Malick's body of work has inspired polarized opinions. According to Michaels, "few American directors have inspired such adulation and rejection with each successive film" as Malick. Michaels said that in all of American cinema, Malick is the filmmaker most frequently "granted genius status after creating such a discontinuous and limited body of work". Malick makes use of broad philosophical and spiritual overtones, such as in the form of meditative voice-overs from individual characters. Some critics felt these elements made the films engaging and unique while others found them pretentious and gratuitous, particularly in his post-hiatus work. Michaels believed the opinions Days of Heaven continues to elicit among scholars and film enthusiasts is exemplary of this: "The debate continues to revolve around what to make of 'its extremeties of beauty', whether the exquisite lighting, painterly compositions, dreamy dissolves, and fluid camera movements, combined with the epic grandeur and elegiac tone, sufficiently compensate for the thinness of the tale, the two-dimensionality of the characters, and the resulting emotional detachment of the audience." Reverse Shot journalist Chris Wisniewski regarded both Days of Heaven and The New World not as "literary nor theatrical" but "principally cinematic" in their aesthetic, intimating narrative, emotional, and conceptual themes through the use of "image and sound" instead of "foregrounding dialogue, events or characters". He highlighted Malick's use of "rambling philosophical voiceovers; the placid images of nature, offering quiet contrast to the evil deeds of men; the stunning cinematography, often achieved with natural light; the striking use of music".
While the common conception of Malick as a recluse is inaccurate, he is nevertheless famously protective of his private life. His contracts stipulate that his likeness may not be used for promotional purposes, and he routinely declines requests for interviews.
From 1970 to 1976, Malick was married to Jill Jakes. His companion afterward in the late 1970s was director and screenwriter Michie Gleason. In 1985 in France, he married Michèle Marie Morette, whom he met in Paris in 1980; in 1996, Malick asked for a divorce, which was granted. Afterward he married Alexandra "Ecky" Wallace, his high-school sweetheart.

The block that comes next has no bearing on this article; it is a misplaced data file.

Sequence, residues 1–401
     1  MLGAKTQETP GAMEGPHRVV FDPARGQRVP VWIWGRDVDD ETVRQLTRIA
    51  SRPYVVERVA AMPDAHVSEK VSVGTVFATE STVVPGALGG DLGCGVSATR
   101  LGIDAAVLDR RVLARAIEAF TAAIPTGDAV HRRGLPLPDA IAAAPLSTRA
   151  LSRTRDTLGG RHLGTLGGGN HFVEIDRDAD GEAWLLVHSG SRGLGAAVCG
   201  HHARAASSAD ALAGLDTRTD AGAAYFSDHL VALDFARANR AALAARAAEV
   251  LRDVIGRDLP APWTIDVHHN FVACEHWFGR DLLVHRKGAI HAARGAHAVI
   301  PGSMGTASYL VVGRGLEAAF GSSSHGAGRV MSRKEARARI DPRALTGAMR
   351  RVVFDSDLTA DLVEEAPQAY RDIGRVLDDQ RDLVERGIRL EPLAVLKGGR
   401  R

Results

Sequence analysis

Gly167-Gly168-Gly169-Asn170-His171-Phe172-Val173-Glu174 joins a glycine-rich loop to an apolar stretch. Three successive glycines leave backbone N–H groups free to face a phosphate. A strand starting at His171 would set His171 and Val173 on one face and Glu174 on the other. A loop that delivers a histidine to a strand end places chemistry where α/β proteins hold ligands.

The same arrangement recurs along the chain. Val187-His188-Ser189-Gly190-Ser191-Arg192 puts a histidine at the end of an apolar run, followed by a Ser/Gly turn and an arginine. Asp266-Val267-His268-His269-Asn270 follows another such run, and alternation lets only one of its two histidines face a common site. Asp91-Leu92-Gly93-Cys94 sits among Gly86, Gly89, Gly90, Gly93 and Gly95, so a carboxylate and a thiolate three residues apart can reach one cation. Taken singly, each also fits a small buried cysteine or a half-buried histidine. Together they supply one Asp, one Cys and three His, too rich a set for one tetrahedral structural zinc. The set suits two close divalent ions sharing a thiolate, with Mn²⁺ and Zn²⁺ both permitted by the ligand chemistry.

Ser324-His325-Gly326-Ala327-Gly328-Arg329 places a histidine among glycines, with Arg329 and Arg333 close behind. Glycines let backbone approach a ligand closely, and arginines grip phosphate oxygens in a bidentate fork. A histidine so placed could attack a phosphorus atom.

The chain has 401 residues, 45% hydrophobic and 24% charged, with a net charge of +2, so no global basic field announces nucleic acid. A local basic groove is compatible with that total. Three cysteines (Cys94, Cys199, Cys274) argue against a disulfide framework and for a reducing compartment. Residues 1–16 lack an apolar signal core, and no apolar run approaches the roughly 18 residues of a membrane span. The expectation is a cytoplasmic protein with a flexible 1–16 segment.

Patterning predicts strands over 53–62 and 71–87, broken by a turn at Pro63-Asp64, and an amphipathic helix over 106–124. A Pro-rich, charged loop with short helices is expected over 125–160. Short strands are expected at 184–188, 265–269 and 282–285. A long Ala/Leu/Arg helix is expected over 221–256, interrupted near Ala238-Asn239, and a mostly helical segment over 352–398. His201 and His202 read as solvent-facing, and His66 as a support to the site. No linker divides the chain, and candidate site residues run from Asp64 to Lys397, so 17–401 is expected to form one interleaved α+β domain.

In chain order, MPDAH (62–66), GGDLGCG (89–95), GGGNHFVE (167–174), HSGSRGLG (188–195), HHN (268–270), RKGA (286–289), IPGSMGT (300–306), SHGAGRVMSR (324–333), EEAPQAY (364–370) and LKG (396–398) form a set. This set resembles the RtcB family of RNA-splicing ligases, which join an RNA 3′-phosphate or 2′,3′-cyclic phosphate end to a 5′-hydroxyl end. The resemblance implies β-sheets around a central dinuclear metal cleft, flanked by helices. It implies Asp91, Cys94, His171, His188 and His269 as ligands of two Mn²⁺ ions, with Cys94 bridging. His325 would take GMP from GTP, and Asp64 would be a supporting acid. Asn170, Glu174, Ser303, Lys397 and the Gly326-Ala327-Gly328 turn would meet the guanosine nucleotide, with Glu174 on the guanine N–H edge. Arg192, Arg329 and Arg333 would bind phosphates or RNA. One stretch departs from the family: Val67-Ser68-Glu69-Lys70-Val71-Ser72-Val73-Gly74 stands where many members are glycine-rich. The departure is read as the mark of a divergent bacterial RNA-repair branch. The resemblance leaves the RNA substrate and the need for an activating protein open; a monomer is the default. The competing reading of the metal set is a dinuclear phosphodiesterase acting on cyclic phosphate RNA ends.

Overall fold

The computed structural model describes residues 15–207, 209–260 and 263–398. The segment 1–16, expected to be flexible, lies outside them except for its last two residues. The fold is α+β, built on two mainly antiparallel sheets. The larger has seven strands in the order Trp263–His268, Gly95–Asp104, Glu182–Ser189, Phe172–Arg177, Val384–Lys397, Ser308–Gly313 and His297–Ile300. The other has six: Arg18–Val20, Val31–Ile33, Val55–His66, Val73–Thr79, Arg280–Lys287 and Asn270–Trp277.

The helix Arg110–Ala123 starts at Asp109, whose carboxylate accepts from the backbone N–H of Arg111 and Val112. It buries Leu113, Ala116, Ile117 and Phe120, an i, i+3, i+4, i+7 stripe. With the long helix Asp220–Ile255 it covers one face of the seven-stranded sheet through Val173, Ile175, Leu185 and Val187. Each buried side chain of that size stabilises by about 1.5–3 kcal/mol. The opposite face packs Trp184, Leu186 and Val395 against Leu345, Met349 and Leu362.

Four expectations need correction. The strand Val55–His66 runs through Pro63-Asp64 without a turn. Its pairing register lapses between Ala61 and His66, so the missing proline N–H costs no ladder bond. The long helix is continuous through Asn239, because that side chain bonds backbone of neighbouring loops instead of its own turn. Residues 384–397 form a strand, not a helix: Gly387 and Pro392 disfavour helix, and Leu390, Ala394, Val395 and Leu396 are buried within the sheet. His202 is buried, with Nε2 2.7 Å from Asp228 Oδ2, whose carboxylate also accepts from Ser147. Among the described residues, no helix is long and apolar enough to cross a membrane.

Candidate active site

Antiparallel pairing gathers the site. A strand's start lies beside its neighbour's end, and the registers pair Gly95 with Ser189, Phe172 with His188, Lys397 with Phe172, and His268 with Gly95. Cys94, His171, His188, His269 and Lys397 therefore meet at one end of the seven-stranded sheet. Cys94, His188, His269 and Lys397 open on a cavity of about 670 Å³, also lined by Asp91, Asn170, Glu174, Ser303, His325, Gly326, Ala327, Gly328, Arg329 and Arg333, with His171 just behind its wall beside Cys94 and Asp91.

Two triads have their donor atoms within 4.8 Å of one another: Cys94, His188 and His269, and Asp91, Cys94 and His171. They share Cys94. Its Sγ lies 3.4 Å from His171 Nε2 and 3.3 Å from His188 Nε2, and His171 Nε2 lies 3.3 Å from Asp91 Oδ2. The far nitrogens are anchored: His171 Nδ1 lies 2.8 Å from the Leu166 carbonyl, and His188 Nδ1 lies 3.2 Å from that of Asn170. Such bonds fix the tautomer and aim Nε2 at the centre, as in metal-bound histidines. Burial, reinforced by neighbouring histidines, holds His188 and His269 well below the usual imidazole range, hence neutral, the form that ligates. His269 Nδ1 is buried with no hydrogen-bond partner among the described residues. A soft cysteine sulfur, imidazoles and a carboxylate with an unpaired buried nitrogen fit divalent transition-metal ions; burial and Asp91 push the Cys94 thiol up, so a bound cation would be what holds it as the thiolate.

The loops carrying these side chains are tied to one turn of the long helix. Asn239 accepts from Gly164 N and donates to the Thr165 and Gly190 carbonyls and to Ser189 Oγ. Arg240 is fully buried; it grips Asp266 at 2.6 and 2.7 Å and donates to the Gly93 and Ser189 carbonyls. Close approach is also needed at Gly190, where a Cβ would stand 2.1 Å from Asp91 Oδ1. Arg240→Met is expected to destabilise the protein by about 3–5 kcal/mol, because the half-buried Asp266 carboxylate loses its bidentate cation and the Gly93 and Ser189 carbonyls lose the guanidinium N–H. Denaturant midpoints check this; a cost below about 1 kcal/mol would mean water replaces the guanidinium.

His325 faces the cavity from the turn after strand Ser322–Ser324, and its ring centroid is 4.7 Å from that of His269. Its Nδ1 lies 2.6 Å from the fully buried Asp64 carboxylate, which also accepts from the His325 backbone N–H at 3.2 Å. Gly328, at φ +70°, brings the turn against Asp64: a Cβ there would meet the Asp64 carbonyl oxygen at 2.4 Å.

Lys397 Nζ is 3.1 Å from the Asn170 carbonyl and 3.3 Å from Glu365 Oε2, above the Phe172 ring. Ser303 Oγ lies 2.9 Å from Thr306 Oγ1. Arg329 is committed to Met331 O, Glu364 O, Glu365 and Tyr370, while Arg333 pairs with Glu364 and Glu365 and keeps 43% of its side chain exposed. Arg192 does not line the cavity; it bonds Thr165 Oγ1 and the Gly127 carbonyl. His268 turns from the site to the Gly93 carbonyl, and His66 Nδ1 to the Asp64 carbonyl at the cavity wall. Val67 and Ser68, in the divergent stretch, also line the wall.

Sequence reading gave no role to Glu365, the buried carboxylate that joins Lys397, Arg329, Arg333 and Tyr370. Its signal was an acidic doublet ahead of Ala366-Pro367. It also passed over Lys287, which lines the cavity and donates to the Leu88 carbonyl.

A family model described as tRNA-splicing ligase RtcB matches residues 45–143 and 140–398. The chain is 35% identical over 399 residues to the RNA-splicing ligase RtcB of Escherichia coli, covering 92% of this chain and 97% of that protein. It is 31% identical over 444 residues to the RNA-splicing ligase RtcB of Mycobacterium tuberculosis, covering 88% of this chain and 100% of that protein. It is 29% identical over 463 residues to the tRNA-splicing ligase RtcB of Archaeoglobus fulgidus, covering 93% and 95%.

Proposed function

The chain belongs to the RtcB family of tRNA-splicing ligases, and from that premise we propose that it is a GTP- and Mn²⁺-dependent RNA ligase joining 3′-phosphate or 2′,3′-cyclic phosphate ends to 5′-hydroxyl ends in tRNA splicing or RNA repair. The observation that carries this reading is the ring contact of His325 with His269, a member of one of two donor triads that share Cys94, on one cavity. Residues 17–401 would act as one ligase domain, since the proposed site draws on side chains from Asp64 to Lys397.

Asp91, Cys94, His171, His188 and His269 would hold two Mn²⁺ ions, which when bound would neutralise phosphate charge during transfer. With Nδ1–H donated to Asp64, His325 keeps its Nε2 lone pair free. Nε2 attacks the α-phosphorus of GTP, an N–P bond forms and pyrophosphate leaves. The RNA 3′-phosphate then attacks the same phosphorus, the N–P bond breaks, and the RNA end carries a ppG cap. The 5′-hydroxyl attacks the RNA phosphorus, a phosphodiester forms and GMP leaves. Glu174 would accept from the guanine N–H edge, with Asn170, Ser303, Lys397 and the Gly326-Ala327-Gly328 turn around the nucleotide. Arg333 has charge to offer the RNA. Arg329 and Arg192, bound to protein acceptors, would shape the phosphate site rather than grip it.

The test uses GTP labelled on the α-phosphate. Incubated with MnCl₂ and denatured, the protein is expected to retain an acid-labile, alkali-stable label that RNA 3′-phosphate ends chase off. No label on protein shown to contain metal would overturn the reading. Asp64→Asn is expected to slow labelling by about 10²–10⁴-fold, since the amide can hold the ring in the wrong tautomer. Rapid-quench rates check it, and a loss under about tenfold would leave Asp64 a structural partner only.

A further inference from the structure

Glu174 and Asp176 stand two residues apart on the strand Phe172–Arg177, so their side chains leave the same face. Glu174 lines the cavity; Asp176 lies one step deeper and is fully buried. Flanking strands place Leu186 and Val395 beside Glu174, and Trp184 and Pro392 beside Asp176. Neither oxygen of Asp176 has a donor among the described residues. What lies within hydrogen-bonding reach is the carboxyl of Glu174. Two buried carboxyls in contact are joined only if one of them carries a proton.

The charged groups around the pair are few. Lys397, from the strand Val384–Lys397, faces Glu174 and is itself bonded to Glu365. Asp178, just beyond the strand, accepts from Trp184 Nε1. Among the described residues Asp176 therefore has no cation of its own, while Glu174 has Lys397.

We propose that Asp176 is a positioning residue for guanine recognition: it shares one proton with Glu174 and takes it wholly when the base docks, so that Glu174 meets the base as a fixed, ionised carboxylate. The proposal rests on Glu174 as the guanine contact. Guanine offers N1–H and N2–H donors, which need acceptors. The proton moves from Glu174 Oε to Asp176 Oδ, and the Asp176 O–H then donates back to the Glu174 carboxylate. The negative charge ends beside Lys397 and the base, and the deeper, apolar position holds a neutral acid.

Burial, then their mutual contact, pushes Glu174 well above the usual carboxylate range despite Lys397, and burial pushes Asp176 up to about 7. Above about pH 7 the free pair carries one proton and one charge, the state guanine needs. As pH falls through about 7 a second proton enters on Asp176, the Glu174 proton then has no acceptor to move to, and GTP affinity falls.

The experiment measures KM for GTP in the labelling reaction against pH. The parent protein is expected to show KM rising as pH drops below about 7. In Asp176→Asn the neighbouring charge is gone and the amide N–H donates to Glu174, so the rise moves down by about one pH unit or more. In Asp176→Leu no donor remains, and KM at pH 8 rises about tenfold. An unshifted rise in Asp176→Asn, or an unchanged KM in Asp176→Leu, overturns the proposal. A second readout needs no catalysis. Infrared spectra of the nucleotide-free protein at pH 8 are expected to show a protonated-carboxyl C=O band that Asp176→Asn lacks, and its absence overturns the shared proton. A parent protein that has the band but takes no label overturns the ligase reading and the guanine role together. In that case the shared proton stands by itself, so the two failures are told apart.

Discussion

Malick's semi-autobiographic film To the Wonder was inspired by his relationships with Morette and Wallace.
As of at least 2011, Malick lives in Austin, Texas.
Awards and nominations
Malick has received three Academy Award nominations; two for Best Director, for The Thin Red Line and The Tree of Life, and a nomination for Best Adapted Screenplay for the former film. He was awarded the Golden Bear at the 49th Berlin International Film Festival for The Thin Red Line, and the Palme d'Or at the 64th Cannes Film Festival for The Tree of Life.
- ^ Ankeny, Jason (2008). "Terrence Malick – Biography – Movies & TV". Movies & TV Dept. The New York Times. Baseline & All Movie Guide. Archived from the original on June 16, 2008. Retrieved May 25, 2010.
- ^ Hill, Derek (2008). "The Movie Brats: Hollywood Regeneration". Charlie Kaufman and Hollywood's Merry Band of Pranksters, Fabulists and Dreamers: An Excursion Into the American New Wave. Oldcastle Books. ISBN 978-1842433928.
- ^ Solomons, Jason (July 2, 2011). "Terrence Malick: The return of cinema's invisible man". The Observer. The Guardian. Retrieved July 6, 2014.
- ^ Walsh, David. "A horrible state of war". www.wsws.org. World Socialist Website. Retrieved July 6, 2014.
- ^ "Bartlesville resident Irene Malick, mother of filmmaker, dead at 99; services today". Examiner Enterprise. Bartlesville. December 21, 2011. Retrieved February 27, 2012.
- ^ "Emil A. Malick Obituary: View Emil Malick's Obituary by Examiner-Enterprise". Legacy.com. Retrieved May 22, 2014.
- ^ a b Michaels, Lloyd (2009). Terrence Malick (revised ed.). University of Illinois Press. p. 14. ISBN 978-0-252-07575-9.